Skies so clear, we saw satellites whizzing by including the International Space Station and Iridium/Satellite flares. All you need to identify what's above you in the sky, is the correct app on your smart phone that you can point up and it tells you which exact satellite(s) are you looking at.

After 2 hours of  waiting in the extreme cold, we headed back slightly disappointed wondering if and when we will ever see the Northern Lights- guess the experience will have to wait another night.

Tip: Ensure you carry hand and feet warmers. They are disposable and very cheap and can be a life saver in this extreme environment.

Day 4

On day 4, I woke up bright and early as we had a three hour drive to Nesseby in Norway to fish for King Crab. We set out about 9.30 am and after multiple stops and coming across the most beautiful and remote church in the world set against the Norwegian Fjords, we reached our boat at Nesseby.

Photo of Nesseby, Norway by Shahzad Siddiqui

We went out in the beautiful Norwegian Fjord to see the fisherman haul a great catch of King Crabs, some weighing as much as 15 kgs. After catching the King Crabs, our fisherman and one man boat crew cut them up and dunked them in the boiler right there on our boat while he lined up some rods to try our hands at fishing. The day was memorable in more ways than one as I ended up landing the first catch of my life and then a few more. A few minutes later, lunch was served on the boat, fresh crabs caught and cooked on the boat.

We got off the boat at 3.30 pm and were caught in a quandary, whether to drive back 3 hours or wait at Nesseby considering the sky was clear there. We refueled the van at a local station and decide to wait it out.

At around 7 pm, we set out to find a remote area around Nesseby that was dark and away from artificial lights and set up camp. 

And then the first lucky breakthrough, there they are- finally, the Northern Lights. Although not what I expected from the pictures I had seen and accounts I had heard, we did finally see the lights. We enjoyed it for an hour or so before deciding to head back to our cottage as the activity was not very strong here and the lights were stationery and at the horizon rather than overhead. 

Northern Lights over Nesseby, Norway

Photo of Dance of the Northern Lights- An epic week in the Arctic Circle by Shahzad Siddiqui

We reached our cottage at around 11.15 am and 15 mins later my life changed- The Northern Lights magically appeared over the river, right above our cottage and all across the sky at 11.30 pm. In all its glory, all the colors, the lights danced across the starry sky and performed for us. We waited up near our Teepee watching this grand celestial show till 3 am.

Northern Lights over our cabin in the woods

Photo of Dance of the Northern Lights- An epic week in the Arctic Circle by Shahzad Siddiqui

Finally, I've seen the lights. Not just the lights but the lights in all it's colors and dancing across the arctic sky putting on a grand show!

Day 5

I woke up to -10 degree Celsius and did a double take looking at the thermometer outside my cabin. We were to visit the Sami museum in the morning to learn and understand the way of life of the Sami (local ethnic group of the region).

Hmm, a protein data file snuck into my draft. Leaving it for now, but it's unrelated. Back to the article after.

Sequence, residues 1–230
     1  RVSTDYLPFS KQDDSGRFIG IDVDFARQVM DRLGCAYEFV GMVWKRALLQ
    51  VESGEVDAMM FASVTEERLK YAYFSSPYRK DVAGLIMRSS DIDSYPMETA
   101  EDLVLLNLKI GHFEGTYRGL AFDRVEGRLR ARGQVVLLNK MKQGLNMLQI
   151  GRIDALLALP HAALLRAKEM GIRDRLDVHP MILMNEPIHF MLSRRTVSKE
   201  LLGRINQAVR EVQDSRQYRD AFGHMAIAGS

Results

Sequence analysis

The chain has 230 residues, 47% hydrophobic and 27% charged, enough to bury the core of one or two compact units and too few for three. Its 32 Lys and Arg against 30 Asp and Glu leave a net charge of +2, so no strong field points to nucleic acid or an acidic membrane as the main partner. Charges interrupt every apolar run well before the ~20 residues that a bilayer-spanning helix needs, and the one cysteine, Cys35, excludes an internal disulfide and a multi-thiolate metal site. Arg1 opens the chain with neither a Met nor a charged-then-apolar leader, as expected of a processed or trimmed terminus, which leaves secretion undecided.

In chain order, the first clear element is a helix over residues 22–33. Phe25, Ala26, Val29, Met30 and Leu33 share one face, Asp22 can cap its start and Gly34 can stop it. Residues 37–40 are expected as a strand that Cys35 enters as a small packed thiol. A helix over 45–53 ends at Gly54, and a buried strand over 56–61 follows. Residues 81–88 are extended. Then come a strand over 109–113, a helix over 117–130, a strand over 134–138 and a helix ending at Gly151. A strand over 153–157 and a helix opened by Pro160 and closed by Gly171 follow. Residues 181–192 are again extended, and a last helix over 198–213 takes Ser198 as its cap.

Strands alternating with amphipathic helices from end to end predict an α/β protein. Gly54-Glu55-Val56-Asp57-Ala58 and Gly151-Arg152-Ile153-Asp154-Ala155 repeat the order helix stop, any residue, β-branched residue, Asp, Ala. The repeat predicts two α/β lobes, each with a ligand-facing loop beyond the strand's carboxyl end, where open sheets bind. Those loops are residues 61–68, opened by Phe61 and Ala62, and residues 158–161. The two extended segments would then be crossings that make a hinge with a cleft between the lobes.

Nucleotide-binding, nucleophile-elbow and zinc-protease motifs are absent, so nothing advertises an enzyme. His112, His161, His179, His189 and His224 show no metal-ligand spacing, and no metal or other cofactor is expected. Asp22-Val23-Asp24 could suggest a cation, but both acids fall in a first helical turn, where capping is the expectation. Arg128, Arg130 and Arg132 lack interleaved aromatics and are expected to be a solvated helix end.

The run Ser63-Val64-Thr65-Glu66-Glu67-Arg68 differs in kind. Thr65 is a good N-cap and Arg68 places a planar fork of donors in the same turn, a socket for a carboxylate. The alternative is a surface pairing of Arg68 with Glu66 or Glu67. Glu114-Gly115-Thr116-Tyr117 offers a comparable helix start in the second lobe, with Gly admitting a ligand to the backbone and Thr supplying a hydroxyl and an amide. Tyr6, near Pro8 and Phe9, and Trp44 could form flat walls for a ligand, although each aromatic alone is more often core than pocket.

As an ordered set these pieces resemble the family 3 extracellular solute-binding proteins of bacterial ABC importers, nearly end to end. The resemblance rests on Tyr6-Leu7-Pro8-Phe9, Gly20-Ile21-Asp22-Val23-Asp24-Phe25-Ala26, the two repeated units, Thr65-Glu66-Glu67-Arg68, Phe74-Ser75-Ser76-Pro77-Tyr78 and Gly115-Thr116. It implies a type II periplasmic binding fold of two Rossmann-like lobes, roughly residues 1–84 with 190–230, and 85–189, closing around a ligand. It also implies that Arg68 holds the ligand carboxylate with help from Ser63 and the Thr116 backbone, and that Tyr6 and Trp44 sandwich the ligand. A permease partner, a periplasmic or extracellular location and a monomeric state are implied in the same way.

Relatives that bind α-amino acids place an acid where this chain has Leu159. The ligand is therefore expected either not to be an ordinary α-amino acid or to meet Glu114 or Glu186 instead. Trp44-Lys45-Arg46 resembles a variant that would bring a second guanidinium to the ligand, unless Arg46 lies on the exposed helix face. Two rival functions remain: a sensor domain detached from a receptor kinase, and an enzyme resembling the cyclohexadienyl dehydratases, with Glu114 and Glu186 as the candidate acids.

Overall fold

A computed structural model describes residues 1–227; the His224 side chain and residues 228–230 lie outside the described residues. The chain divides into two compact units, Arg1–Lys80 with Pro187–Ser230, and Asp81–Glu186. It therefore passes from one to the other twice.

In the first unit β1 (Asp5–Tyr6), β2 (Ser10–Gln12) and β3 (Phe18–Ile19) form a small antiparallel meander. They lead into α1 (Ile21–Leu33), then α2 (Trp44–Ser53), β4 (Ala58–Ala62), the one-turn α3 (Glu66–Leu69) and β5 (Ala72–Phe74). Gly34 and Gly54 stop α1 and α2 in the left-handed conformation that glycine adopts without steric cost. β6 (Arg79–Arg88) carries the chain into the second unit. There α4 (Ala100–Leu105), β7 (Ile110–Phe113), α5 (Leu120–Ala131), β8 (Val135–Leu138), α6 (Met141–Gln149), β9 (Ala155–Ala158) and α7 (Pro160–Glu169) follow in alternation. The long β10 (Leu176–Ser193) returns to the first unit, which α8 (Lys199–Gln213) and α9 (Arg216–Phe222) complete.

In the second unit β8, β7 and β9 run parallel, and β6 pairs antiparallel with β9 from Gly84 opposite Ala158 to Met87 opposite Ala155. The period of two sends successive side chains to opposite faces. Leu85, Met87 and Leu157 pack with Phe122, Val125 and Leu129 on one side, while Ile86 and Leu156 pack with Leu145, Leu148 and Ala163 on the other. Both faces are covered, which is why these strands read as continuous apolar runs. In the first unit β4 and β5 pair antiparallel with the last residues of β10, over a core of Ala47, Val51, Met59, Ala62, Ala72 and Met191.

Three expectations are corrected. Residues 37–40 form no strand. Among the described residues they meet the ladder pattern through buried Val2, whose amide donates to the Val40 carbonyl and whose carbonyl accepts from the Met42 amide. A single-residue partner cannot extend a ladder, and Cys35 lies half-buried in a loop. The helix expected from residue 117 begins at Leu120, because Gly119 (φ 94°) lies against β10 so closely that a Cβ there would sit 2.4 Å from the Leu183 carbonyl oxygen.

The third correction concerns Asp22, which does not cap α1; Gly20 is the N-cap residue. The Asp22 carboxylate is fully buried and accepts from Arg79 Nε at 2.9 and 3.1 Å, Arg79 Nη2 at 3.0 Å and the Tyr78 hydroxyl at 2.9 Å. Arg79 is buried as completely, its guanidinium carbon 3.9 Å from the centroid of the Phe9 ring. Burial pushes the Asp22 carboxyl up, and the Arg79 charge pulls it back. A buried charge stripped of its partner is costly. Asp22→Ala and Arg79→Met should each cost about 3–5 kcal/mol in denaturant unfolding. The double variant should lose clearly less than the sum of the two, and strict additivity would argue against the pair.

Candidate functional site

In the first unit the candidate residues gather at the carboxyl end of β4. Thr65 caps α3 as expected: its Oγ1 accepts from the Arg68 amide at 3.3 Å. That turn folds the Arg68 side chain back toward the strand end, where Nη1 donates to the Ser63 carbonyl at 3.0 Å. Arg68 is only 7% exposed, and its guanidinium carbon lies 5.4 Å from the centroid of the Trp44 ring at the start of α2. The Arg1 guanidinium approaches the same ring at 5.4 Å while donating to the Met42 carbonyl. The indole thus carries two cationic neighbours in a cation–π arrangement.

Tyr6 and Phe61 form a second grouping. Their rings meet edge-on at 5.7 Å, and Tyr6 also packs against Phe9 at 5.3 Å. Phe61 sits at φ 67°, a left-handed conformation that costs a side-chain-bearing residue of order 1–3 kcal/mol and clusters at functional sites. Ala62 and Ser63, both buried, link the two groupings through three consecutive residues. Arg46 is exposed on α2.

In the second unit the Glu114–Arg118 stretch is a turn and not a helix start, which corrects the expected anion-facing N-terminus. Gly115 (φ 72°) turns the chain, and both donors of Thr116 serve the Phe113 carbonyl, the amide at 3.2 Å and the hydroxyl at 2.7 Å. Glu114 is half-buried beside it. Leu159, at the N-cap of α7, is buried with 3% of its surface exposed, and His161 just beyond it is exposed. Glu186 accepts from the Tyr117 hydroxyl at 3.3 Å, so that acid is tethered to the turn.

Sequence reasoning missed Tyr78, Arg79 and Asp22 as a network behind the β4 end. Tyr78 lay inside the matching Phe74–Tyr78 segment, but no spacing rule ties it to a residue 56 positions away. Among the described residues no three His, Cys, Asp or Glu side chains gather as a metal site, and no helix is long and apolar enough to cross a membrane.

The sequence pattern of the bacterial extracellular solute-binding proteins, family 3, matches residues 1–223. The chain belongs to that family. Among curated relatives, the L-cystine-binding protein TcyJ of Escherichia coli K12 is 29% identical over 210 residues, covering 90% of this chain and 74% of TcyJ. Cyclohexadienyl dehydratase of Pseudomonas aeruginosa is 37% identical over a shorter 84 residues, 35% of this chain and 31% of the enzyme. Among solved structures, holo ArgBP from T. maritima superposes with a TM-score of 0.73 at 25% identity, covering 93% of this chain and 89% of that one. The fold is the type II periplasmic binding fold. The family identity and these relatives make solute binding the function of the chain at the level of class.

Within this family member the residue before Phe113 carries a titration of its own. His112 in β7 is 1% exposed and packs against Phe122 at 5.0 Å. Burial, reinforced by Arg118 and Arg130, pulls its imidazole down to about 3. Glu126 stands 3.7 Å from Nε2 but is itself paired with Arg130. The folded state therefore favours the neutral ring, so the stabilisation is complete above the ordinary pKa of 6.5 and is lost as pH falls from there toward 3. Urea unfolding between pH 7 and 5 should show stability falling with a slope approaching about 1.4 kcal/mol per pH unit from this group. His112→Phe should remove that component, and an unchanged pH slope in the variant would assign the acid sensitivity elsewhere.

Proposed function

We reached the museum around 11 am and went about seeing the exhibitions and learning about the arctic region and the transformations through the year, the way of life of the Sami and how they adapt and survive in this beautiful yet harsh environment. We had lunch at the museum and headed to the husky farm.

This husky farm in the middle of nowhere is run by an eccentric 60 year old man with many intriguing, inspiring and downright hilarious tales. The farm has no running water and electricity- now that’s living off the grid. We met all the huskies (around 30 of them) and their leader Lobo (a 25% wolf breed) with two distinctly different color eyes- one brown and the other blue. We also met the Norwegian Fjord horses at the farm who were beyond friendly and intelligent.

Photo of Utsjoki, Finland by Shahzad Siddiqui

We returned back to the cottage at around 5.30 pm with plans to go out Aurora chasing in the night. I took this opportunity to use the sauna again and just sat in there picturing the lights I saw last night.

We headed out at around 8 pm chasing the lights again. This time we went to Karasjok (a small village in Norway, across the river from where we were staying). We camped there and walked on the frozen river and sure enough the lights showed up. We played around, took pictures with the Northern lights in the background and had a ball walking on the frozen river in complete darkness, not knowing which step could be our last (the ice was thin and the river hadn't completely frozen over yet).

Photo of Dance of the Northern Lights- An epic week in the Arctic Circle by Shahzad Siddiqui

We headed back to the cottage around and at around 11.15 pm the Nortehrn Lights erupted over our cottage once again (couldn't believe my luck). The aurora activity was stronger than ever before and as Tyler who has seen the lights from Iceland too, put it- "this is the show that people spent their lives chasing".

Photo of Dance of the Northern Lights- An epic week in the Arctic Circle by Shahzad Siddiqui

It's as if the marketing team of Northern Lights had come out to give us the grandest show possible. The colors, the dance, the moves and the entire night sky lit up like New Year fireworks. It was almost -15 degree Celsius but totally worth braving the cold.

Life Changing!

Day 6

We headed back to the airport at Ivalo Airport bright and early and from there, onto Helsinki, Paris and Amsterdam!

Tip: There are only 2 flights per day In and Out of Ivalo. Book the mid morning flight out of Ivalo as you should reach the airport in plenty of time. If you book the evening flight, the airport shuts in the afternoon and there is nothing else to do in the area but wait in the blistering cold.

Arctic Circle Fauna- During our trip, we saw Reindeer's, Foxes, Arctic Hares, Wolverines and a few birds of Prey.